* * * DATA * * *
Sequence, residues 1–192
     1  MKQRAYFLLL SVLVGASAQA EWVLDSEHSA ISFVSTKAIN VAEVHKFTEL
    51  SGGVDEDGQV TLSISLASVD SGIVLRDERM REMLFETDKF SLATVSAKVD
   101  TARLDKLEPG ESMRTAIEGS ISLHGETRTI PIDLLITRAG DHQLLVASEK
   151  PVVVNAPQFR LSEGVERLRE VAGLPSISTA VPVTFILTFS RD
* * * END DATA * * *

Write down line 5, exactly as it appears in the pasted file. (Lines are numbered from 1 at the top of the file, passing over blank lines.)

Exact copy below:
   151  PVVVNAPQFR LSEGVERLRE VAGLPSISTA VPVTFILTFS RD